The following is an excerpt from OpinionJournal’s “Best of the Web” at The Wall Street Journal written by the editor, James Taranto.
It’s Always in the Last Place You Look
“3,000-Year-Old Mummy Found in Egyptian Tomb”—headline, Seeker .com, Nov. 14
How Did She Lose?
How could Hillary Clinton have lost, and to Donald Trump no less? Lots of explanations are floating around, any combination of which could be right—after all, many factors influence voter decisions.
One excuse from Team Clinton has a ring of plausibility, and that is the FBI. There’s no way to know if James Comey’s Oct. 28 notification that he was reopening the criminal investigation into Mrs. Clinton’s illicit private email server was the turning point, but it felt like one. The New York Times reported Sunday that in a conference call with donors, the erstwhile nominee opined that Comey’s subsequent “clearing” of her, two days before the election, didn’t help:
Mrs. Clinton said a second letter from Mr. Comey, clearing her once again, which came two days before Election Day, had been even more damaging. In that letter, Mr. Comey said an examination of a new trove of emails . . . had not caused him to change his earlier conclusion that Mrs. Clinton should face no charges over her handling of classified information.
Her campaign said the seemingly positive outcome had only hurt it with voters who did not trust Mrs. Clinton and were receptive to Mr. Trump’s claims of a “rigged system.” In particular, white suburban women who had been on the fence were reminded of the email imbroglio and broke decidedly in Mr. Trump’s favor, aides said.
We’d like to suggest two somewhat counterintuitive theories of our own, one involving Trump; the other, his Republican detractors.
Our first theory is that Trump’s manifest weaknesses as a candidate blinded the Clinton campaign to his strengths—the same effect they had had on his Republican rivals in the primary. Stolen emails published by WikiLeaks showed that people in Mrs. Clinton’s inner circle were eager to go up against Trump because they thought he was unelectable.
“We need to be elevating the Pied Piper candidates”—including Trump, Ted Cruz and Ben Carson—“so that they are leaders of the pack and tell the press to [treat] them seriously,” declared an unattributed April 2015 strategy memo quoted by RedState’s Brandon Morse in an Oct. 8 post.
Depending on your point of view, most of Trump’s weaknesses can be seen as strengths. He’s bumptious? He’s self-confident. He says outlandish things? He tells it like it is and isn’t afraid to be politically incorrect. He doesn’t know much about policy? He’s not bound by the Washington consensus that has produced dubious results.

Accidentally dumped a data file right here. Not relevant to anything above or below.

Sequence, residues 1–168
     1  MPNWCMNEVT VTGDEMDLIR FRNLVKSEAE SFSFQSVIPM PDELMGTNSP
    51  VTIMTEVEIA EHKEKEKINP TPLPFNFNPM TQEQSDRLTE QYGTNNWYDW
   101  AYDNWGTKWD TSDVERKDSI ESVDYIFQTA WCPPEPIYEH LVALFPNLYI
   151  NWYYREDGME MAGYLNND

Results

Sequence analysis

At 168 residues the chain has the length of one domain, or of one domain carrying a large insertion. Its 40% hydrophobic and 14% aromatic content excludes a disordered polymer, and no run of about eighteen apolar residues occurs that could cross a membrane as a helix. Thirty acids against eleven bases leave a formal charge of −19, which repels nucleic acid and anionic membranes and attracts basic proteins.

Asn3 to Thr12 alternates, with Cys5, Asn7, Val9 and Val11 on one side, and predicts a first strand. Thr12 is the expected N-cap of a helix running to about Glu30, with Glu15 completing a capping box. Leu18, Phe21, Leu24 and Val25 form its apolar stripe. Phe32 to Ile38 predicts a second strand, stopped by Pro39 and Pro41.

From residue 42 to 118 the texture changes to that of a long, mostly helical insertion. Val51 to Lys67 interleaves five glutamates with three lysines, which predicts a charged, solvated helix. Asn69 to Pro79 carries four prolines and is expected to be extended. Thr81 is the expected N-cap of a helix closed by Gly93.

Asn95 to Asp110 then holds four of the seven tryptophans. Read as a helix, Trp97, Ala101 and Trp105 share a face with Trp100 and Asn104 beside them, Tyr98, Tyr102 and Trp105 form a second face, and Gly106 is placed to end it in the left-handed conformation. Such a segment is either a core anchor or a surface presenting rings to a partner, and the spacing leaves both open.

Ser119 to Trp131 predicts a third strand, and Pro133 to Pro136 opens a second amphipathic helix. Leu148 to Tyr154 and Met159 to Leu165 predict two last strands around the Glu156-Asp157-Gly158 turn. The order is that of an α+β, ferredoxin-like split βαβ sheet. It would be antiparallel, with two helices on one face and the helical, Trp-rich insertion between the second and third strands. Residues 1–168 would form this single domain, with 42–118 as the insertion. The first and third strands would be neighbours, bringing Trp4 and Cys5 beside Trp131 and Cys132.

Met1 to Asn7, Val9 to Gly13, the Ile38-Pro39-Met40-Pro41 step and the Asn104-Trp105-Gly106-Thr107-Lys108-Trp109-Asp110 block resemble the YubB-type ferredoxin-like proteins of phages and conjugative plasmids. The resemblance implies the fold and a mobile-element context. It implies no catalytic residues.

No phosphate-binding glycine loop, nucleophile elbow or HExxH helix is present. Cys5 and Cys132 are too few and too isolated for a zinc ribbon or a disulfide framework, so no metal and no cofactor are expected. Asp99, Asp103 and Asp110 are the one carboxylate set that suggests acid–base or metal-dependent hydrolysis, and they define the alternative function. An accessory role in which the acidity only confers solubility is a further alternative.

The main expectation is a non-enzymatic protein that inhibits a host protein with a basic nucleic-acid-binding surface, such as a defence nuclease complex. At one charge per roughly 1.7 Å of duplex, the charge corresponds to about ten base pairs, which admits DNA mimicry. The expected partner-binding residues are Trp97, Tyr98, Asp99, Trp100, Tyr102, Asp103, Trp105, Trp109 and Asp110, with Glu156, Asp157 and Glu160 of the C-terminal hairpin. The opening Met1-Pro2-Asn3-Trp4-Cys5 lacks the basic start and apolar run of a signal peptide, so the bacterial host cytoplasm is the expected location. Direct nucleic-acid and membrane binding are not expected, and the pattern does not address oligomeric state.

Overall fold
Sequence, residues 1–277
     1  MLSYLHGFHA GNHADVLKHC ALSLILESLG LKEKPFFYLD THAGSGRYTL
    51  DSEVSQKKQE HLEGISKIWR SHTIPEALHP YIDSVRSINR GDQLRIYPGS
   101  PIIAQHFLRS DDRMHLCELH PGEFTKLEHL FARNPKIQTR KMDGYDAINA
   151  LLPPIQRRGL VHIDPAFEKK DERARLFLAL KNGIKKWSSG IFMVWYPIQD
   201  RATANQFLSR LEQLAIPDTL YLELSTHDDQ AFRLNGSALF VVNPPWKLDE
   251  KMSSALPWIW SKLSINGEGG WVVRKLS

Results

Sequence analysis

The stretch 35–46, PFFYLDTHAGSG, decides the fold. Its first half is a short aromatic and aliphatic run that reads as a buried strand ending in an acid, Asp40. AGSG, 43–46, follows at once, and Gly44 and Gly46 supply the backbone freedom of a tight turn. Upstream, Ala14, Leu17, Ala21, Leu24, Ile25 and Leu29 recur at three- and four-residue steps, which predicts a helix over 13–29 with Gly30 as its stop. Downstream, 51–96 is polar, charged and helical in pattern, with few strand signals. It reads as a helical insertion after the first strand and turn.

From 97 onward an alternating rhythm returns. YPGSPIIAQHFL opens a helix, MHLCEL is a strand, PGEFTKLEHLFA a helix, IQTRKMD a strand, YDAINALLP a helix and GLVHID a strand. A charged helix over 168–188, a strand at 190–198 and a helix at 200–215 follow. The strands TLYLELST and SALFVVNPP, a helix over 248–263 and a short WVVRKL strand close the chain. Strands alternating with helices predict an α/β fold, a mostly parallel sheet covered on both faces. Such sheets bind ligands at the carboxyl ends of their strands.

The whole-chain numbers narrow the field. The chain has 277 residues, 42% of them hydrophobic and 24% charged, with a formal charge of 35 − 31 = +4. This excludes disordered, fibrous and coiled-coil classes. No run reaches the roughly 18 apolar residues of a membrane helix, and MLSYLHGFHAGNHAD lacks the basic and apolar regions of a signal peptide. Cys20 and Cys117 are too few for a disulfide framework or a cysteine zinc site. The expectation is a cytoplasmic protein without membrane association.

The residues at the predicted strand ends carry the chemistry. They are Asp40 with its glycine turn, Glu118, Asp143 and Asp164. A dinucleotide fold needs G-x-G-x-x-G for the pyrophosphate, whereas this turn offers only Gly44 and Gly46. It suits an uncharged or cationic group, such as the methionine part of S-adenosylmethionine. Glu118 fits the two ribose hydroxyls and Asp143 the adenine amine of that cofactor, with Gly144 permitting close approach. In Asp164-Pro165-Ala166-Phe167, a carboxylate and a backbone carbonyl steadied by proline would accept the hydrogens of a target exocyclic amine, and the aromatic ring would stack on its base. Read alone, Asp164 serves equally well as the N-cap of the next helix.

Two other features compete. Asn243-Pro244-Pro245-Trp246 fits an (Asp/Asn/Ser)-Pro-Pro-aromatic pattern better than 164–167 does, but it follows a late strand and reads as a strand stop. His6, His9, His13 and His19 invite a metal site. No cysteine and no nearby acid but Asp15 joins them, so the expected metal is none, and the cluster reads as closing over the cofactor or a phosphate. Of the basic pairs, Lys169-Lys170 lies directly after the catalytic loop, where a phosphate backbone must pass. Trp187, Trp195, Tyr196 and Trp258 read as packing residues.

It’s probably true that Trump would have benefited from some restraint. Imagine if he had forborne from picking fights with Judge Gonzalo Curiel, Khizr Khan and Alicia Machado (Miss Universe 1997). As Peggy Noonan suggested, he might have won in a landslide. Still, he won.
Our second theory is that the Nevertrump movement led the Clinton campaign to overestimate its ability to draw Republican voters, and thus to neglect independents and the Democratic base. Trump drew more opposition from the Republican political class than any GOP nominee since at least 1964. But according to the exit polls, he still attracted the votes of 90% of self-identified Republicans, to just 7% for Mrs. Clinton.
Here’s an example: In May, this column lightheartedly identified what we called “the Boot bloc, after Max Boot of the Council on Foreign Relations. These are lukewarm Republicans hotly opposed to Trump—to the point that, as Boot told Vox in March, they would vote for Mrs. Clinton over him.”
Boot, a foreign-policy hawk, responded on Twitter in the same facetious spirit: “@jamestaranto claims there is something called the ‘Boot Bloc.’ Who knew?” But the Clinton campaign evidently took the idea seriously. In August it released an adfeaturing a denunciation of Trump from none other than Max Boot! As we recall, the same Boot clip was part of a video featured at the Democratic National Convention the preceding month. We’ll bet it went over well with Bernie Sanders delegates.
One reason Mrs. Clinton lost is that her sex turned out to be much less of an advantage than her campaign had expected. In particular, her performance among white women was not appreciably better than that of any of the preceding three Democratic nominees. Blogger Kyle Olson notes that on MSNBC the other day, Jess McIntosh, the campaign’s communications director, attributed that to “internalized misogyny,” which, she helpfully explained, “is a real thing.”
Even host Chris Hayes didn’t know what she was talking about, so he prompted her to explain:
“We as a society react poorly to women seeking positions of power. We are uncomfortable about that and we seek to justify that uncomfortable feeling because it can’t possibly be because we don’t want to see a woman in that position of power,” McIntosh said.